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Russia: Duma Approves Draft Budget In Second Reading

Moscow, 21 January 1999 (RFE/RL) -- It was supposed to be an exceptionally smooth approval by the State Duma of Russia's 1999 budget (Jan. 19). But expectations of an easy second Duma reading were not met. Instead, the draft law underwent six hours of difficult debate and compromise between the communist-dominated Lower House of parliament and the government of Prime Minister Yevgeny Primakov before being adopted by 296 to 54 with five abstentions.

A third reading of the budget, expected to focus on specific allocations for individual industries, will take place next week (Jan. 29). Communist leader Gennady Zyuganov, who yesterday acknowledged in the Duma corridors that he could not control members of his own political group, forecast that the debate during the next reading will be the most difficult. A fourth and final reading, expected at the beginning of next month, is considered to be a formality.

Russian media slammed both the Government and Duma deputies for their willingness to change further a document that has already been widely criticized as unrealistic. The daily "Nesavisimaya Gazeta" wrote that "the government is the victim of financial compromise with the communists [and] the 1999 budget discussion sank in a sea of amendments." Another daily, "Segodnya," characterized the debate as a "victory of political over economic calculations.."

The leader of the pro-reform Yabloko group, Grigory Yavlinsky, told NTV television after the vote that "a political budget means carnival politics." Yavlinsky's group, unlike all the others in the Duma, had declared before the debate that its members would vote against the draft.

Most economic analysts had already called the approval of the budget a piece of political theater, since the draft is based on an average exchange rate of 21.5 rubles to the dollar and forecasts 30 percent inflation for the year. That contrasts with the estimate of the State Statistics Committee, which last month put last year's overall inflation rate at 84 percent. Most currency-exchange booths in Moscow today were trading the ruble at a rate of 23 to the dollar.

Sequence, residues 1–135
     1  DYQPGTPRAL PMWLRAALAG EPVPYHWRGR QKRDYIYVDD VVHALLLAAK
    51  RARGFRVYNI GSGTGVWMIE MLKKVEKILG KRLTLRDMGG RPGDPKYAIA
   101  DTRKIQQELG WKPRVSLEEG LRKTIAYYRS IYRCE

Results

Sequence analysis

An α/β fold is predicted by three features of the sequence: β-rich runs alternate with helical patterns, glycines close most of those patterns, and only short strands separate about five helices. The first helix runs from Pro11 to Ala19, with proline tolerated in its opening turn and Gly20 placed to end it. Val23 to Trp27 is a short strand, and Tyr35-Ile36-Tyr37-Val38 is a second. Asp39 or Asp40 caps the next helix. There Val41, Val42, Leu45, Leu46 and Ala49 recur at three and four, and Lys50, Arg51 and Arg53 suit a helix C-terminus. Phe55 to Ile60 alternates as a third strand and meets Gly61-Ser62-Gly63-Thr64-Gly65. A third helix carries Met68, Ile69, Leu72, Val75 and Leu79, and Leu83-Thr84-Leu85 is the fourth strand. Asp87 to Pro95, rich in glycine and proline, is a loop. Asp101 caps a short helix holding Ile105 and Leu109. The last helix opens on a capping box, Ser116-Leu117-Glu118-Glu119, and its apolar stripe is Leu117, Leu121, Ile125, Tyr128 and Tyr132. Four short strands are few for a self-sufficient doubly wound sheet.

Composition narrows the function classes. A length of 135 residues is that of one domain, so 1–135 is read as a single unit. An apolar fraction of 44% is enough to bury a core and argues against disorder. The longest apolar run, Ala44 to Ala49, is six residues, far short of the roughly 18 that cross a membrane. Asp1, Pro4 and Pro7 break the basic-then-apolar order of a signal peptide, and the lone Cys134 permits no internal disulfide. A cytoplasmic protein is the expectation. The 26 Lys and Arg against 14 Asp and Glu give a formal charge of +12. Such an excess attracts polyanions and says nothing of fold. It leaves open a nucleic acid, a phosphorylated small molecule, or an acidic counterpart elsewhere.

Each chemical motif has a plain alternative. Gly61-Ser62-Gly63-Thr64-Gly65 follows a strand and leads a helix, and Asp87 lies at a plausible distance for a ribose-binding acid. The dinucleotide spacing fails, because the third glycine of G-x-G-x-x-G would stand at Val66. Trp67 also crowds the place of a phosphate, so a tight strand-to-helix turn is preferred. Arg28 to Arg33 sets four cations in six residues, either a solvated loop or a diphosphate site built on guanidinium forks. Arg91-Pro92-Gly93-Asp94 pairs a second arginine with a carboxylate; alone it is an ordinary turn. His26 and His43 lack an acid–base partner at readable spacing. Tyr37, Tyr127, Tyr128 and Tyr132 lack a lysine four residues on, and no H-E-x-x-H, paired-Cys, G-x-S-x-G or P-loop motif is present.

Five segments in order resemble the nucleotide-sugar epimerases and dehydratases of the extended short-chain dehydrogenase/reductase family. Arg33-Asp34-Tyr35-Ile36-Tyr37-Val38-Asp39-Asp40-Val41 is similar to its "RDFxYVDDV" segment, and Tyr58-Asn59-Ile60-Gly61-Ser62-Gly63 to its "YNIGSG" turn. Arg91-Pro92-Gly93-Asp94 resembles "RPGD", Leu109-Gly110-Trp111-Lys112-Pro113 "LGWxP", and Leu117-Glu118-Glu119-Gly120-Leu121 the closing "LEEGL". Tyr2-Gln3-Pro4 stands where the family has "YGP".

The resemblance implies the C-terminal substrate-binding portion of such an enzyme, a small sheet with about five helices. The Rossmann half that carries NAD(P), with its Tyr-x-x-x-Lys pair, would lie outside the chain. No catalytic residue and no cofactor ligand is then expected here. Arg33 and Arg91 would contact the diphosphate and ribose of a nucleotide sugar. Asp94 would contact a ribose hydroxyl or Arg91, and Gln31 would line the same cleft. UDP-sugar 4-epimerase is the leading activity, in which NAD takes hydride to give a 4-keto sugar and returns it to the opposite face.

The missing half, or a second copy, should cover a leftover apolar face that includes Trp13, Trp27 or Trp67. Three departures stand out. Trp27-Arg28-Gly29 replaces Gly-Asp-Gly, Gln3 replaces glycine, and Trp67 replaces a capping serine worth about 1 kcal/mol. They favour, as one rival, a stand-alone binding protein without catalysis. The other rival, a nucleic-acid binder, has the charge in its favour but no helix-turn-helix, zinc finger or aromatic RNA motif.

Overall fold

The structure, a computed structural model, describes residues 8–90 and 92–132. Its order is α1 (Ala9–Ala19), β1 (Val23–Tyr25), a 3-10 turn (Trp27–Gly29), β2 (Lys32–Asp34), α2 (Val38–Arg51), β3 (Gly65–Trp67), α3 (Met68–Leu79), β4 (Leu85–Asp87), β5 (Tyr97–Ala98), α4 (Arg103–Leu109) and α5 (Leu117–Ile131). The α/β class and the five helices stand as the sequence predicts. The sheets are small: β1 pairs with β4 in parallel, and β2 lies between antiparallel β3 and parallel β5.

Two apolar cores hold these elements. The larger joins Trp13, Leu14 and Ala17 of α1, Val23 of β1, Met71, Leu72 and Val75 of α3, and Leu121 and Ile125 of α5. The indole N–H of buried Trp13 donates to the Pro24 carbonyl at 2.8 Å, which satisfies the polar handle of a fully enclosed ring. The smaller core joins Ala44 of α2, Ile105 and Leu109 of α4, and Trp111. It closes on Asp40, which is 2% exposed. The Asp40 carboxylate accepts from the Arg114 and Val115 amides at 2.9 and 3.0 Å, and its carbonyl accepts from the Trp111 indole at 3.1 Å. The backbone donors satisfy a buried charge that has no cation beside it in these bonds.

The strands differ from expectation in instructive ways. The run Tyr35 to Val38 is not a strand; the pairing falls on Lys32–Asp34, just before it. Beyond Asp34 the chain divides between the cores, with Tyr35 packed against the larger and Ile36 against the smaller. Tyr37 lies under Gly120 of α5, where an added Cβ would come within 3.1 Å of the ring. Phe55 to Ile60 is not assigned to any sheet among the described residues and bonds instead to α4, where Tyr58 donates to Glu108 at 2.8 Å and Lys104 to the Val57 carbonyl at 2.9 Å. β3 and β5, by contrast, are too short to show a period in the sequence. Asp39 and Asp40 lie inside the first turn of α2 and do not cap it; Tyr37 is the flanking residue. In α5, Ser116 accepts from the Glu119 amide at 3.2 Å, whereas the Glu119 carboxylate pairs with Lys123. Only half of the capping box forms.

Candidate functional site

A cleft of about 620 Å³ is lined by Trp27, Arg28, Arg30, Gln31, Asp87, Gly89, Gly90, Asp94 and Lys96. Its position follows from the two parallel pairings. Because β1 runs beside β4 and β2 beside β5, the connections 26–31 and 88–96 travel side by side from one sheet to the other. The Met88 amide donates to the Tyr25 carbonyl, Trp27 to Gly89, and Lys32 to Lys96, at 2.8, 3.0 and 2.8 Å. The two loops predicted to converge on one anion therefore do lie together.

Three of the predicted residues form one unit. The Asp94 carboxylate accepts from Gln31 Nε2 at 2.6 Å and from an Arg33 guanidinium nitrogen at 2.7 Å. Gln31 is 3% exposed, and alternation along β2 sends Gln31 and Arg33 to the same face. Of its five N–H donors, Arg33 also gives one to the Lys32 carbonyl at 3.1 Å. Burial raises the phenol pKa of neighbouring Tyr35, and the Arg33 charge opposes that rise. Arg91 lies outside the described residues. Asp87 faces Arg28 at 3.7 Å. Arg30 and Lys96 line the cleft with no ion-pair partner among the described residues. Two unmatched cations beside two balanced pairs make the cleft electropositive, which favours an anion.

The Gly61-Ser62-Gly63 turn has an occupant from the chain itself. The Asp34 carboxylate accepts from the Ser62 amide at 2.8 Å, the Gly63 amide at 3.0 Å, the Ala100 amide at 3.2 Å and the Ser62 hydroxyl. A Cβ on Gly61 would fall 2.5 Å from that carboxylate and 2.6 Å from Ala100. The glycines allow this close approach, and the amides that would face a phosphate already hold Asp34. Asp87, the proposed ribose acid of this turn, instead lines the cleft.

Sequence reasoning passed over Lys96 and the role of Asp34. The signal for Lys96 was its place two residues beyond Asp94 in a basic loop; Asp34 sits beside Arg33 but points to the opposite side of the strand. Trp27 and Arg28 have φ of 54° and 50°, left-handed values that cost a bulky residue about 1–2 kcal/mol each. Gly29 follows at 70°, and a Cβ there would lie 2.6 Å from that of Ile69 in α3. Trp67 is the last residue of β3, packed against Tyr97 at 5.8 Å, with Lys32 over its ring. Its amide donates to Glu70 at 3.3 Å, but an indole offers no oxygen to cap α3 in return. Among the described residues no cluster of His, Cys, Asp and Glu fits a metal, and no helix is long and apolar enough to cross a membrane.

The fate of much-needed international loans is also seen as depending largely on whether the Primakov government can get parliamentary approval for --and, even more important, implement-- a feasible budget. An International Monetary Fund (IMF) mission is arriving in Moscow this week, and Russian and Western economic officials have said that Russia would have to make genuine and realistic cuts in its budget deficit in order to trigger the release of IMF and other international assistance.

IMF First Deputy Managing Director Stanley Fischer told an investment conference last week that Russia's 1999 budget is, in his words, "neither sufficiently ambitious nor realistic." The IMF froze a $22.6 billion loan package after Russia devalued the ruble and defaulted on some domestic debt last August. The Russian government, however, has included foreign loans in the 1999 draft budget, even though difficult negotiations continue.

This week's second reading of the budget was designed to coincide with the arrival of the IMF mission, but observers in Moscow doubt that the outcome of yesterday's debate will improve Russia's prospects. Surprisingly, legislators failed for the first time to show their usual political solidarity with the Primakov Government. Deputies --mainly those in the communist group-- largely refused to follow recommendations worked out by a conciliatory commission composed of government officials and members of the Duma's budget committee.

The recommendations included slashing expenditures on Government administration, foreign activities such as support for embassies, and some state funds for a total of 8,000 million rubles. First Deputy Prime Minister Yuri Maslyukov, who is in charge of the economy, tried to convince deputies that the plan agreed upon by the conciliatory commission should remain unchanged, on the eve of a new round of negotiations with the IMF.

But backbencher communist deputies initially refused to listen to Maslyukov. They considered a number of amendments, including proposals to cut by 40 percent revenues set for servicing state debts and financing rescue operations, in favor of increasing in social spending. Many observers believe these deputies are more concerned with their own prospects in forthcoming parliamentary elections than with the budget's prospects.

Only after Maslyukov warned that some amendments, in his words, "could lead to catastrophe," and Finance Minister Mikhail Zadornov said that the sum set for debt repayment "cannot be even one dollar less than the $9.5 billion" budgeted, did deputies scale down their demands. One senior government official acknowledged that the budget was far from perfect. But, speaking to RFE/RL on condition of anonymity, he said that having a "document that can be corrected later is better than having nothing at all."